Lawmakers also want to expand school voucher programs beyond the borders of Milwaukee and eastern Racine County. The programs allow parents who meet income thresholds to send their children to religious schools and other private schools at taxpayer expense.
Under the motion approved 12-4 along party lines by Republicans on the budget panel:
- Public schools would receive $150 more per student in general aid this fall and another $150 increase the following year. The plan would cost $289 million over two years, with $231.5 million funded with state taxes and the rest with an additional $52 million in higher local property taxes and an increase in expected revenues from the state lottery.
School districts would have the authority to spend this new money. Walker wanted to give schools $129 million in state aid but require all of it to go toward property tax relief, rather than be used for new expenses.
Under the budget committee’s proposal, total property taxes would increase by less than 1% per year, with school levies going up somewhat more than that.
- A new voucher program would become available to all students outside Milwaukee and Racine. It would be limited to 500 students the first year and 1,000 students every year thereafter. Walker wanted no limits on the number of students in the program after the second year.
If there are more students seeking slots in the program than allowed, the proposal would allocate the available slots by lottery. The slots would go to the 25 schools with the most applications, with each school getting at least 10 seats.
- The new program would be available to students in any school district. Walker wanted to make it available in districts with 4,000 or more students that were identified as struggling on school report cards issued by the state.
- No more than 1% of the students of any given school district could participate in the new program.
- Over 12 years, the negative financial impacts for the Milwaukee Public Schools from the voucher program here would be phased out.
- The new program would be available to students of families making 185% of the federal poverty level or less — well below the income thresholds for Milwaukee and Racine. Those programs are available to families making up to 300% of the federal poverty level, with a higher threshold for married couples.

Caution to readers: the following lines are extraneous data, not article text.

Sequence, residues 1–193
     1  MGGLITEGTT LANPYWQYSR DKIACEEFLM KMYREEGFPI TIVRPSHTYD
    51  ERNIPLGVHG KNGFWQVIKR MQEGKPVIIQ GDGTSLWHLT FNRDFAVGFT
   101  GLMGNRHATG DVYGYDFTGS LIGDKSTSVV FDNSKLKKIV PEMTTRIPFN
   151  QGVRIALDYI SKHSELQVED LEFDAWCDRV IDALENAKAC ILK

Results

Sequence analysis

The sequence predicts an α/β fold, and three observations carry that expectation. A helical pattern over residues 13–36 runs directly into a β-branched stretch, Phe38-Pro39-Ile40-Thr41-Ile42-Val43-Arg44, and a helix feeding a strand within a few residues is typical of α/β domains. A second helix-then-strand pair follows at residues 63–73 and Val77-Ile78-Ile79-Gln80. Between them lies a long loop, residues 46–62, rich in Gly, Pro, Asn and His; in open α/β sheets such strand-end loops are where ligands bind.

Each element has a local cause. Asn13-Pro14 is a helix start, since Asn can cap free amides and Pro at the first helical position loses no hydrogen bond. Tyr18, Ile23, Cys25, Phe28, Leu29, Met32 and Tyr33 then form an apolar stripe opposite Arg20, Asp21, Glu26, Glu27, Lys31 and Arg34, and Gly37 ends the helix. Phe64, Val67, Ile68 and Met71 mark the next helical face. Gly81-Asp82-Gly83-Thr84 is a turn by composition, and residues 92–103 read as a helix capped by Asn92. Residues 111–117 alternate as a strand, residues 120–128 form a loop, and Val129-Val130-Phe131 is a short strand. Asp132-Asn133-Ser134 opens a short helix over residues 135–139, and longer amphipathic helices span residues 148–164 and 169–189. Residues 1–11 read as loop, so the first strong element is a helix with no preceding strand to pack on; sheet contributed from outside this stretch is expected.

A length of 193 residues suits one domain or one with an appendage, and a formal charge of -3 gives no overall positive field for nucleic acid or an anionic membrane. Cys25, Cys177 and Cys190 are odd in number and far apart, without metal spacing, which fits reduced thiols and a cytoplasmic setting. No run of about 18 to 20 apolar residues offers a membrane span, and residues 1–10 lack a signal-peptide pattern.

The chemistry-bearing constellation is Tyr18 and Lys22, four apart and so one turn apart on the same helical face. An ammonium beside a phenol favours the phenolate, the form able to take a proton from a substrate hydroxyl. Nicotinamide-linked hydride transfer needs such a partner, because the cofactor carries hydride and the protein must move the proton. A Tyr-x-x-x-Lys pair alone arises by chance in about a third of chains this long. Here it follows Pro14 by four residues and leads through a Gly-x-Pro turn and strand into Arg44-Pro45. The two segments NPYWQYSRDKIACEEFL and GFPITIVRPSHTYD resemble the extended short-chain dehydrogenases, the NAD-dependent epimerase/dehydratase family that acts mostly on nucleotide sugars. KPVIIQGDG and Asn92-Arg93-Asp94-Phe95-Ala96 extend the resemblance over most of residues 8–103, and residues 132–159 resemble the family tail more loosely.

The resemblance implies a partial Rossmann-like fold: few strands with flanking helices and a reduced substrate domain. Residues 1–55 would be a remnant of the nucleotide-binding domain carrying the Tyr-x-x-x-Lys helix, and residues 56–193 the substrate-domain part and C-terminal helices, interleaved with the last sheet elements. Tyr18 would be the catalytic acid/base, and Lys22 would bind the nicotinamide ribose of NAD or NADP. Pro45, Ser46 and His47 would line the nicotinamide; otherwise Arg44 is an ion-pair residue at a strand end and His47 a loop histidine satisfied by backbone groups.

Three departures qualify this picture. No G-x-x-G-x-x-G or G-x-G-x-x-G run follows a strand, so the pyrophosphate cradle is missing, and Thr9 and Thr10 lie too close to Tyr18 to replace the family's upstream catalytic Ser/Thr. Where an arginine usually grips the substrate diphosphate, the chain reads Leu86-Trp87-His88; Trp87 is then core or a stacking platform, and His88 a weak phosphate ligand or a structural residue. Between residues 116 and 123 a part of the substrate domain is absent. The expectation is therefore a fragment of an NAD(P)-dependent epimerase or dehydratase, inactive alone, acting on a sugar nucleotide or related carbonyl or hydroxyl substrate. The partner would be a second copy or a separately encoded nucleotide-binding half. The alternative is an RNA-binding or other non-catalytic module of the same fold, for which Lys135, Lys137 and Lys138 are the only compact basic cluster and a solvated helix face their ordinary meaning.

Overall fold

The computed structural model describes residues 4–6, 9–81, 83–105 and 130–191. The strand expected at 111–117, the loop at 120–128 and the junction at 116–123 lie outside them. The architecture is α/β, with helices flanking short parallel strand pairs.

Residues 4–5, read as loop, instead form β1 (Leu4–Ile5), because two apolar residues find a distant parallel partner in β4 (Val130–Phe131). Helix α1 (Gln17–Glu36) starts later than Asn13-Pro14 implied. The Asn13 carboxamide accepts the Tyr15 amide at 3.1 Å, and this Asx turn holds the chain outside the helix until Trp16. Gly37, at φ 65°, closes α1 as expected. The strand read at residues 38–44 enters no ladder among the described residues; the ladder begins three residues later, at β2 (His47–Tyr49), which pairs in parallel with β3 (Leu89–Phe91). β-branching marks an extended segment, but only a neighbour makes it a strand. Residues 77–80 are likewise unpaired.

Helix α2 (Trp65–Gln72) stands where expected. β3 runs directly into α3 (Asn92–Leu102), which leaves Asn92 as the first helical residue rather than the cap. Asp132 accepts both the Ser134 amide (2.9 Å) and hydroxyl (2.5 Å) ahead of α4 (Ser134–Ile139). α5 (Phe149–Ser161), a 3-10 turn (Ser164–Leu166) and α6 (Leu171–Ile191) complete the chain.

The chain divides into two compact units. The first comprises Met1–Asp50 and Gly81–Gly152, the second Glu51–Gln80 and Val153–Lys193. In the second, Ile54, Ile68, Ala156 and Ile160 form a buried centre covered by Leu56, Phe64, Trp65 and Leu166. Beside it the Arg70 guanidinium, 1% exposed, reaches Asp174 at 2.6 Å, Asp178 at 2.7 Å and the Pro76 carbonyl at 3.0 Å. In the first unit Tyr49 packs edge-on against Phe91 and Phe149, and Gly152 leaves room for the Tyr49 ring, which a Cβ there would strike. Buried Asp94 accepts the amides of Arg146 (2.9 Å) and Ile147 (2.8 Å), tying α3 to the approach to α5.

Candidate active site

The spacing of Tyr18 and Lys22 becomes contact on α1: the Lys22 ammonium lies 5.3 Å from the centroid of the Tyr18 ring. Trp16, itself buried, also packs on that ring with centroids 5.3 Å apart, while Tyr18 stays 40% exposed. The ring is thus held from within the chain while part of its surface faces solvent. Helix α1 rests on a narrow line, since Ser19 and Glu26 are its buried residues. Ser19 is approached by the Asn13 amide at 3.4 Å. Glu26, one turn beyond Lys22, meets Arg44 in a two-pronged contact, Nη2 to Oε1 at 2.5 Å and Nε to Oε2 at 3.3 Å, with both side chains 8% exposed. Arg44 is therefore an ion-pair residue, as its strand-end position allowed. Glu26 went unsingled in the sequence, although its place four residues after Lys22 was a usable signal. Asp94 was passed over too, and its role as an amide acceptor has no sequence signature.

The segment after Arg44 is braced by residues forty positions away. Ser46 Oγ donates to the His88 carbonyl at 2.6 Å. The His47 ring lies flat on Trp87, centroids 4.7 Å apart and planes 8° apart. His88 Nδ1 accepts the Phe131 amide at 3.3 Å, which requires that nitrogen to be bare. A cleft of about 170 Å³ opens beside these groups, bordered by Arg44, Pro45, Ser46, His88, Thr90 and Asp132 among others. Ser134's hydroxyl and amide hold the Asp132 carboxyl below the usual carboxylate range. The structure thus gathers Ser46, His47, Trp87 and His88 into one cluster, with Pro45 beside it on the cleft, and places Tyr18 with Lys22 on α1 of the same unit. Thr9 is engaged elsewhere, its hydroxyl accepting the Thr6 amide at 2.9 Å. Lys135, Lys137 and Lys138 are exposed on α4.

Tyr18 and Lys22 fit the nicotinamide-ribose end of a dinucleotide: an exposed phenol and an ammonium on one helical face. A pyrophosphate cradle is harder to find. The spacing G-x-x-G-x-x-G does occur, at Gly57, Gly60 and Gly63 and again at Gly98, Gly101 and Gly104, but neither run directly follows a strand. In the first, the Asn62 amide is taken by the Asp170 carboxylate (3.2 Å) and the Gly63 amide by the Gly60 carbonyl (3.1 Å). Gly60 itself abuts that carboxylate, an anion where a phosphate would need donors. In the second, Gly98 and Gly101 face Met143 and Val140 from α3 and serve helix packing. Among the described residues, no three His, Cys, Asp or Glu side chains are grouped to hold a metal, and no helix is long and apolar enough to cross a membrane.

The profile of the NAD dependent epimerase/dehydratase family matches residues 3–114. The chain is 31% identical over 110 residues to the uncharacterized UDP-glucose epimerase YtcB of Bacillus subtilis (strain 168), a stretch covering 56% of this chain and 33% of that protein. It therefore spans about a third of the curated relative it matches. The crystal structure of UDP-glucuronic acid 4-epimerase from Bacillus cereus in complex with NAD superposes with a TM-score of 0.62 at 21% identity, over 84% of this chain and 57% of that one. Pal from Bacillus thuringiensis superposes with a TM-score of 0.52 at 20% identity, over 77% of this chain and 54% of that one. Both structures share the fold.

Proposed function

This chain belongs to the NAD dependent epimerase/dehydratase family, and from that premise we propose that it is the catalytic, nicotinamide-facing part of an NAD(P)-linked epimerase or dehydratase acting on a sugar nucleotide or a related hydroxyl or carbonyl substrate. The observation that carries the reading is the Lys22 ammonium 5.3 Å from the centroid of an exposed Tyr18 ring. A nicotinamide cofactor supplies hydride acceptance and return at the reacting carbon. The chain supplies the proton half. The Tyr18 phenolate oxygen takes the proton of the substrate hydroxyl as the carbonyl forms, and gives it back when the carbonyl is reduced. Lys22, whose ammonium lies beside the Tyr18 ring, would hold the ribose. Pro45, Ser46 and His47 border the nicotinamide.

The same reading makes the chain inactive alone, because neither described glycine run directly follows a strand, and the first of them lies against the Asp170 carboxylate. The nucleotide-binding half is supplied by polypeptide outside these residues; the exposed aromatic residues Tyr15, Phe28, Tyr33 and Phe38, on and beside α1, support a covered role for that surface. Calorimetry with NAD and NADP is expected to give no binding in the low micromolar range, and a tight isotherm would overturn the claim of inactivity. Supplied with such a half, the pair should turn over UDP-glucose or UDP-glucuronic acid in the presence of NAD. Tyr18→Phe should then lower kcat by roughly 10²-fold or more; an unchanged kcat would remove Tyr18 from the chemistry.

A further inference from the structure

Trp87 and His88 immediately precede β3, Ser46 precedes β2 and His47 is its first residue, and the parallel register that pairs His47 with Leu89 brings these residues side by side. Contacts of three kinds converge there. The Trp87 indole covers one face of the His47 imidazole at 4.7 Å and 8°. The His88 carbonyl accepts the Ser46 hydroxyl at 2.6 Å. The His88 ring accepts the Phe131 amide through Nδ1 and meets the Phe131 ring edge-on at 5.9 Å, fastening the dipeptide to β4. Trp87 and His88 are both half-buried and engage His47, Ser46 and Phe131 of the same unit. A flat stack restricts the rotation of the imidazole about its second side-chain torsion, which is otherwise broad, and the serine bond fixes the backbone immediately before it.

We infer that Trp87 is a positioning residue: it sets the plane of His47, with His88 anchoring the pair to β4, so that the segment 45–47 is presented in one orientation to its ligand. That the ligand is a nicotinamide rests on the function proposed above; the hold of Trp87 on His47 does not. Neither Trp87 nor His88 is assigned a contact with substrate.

- Voucher schools in all parts of the state would receive $7,210 per K-8 student and $7,856 per high school student — up from $6,442 currently. Walker wanted to provide $7,050 for students in kindergarten through eighth grade and the same larger increase to high school students.
— Tony Evers (@WISuptTonyEvers) June 5, 2013
Today, Republican leaders are finalizing a deal to likely expand Wisconsin’s private school voucher program statewide. While this dramatic proposal has significant implications for citizens and taxpayers across Wisconsin, it has been developed behind closed doors with no public input, no public hearings, and no public fiscal analysis. If this proposal becomes law, taxpayers across Wisconsin will be financing a new entitlement for private school children whose tuition is currently paid for by their parents. To address the lack of information about the potential fiscal effects of this program, the attached table estimates potential long-term costs of statewide subsidization of private school tuition on a district-by-district basis. Cost to subsidize current private school students only: up to $560 million annually
While some lawmakers claim the purpose of the program is to provide educational choices to those who cannot afford it, the current school choice programs in Milwaukee and Racine provide vouchers to families who are already choosing to send their children to private schools. As many as 50% of the children participating in the Racine choice program were already in private schools when they began receiving a state-funded subsidy in
2011-12. If the voucher program is expanded statewide, it can be assumed that current private school families would also be eligible for this new entitlement.
- Wisconsin State Tax Based K-12 Spending Growth Far Exceeds University Funding
- “Schools should not rely on only WKCE data to gauge progress of individual students or to determine effectiveness of programs or curriculum”
- Are MMSD Programs Effective? Who Knows.
- Tony Evers notes and links.
- Vouchers notes and links.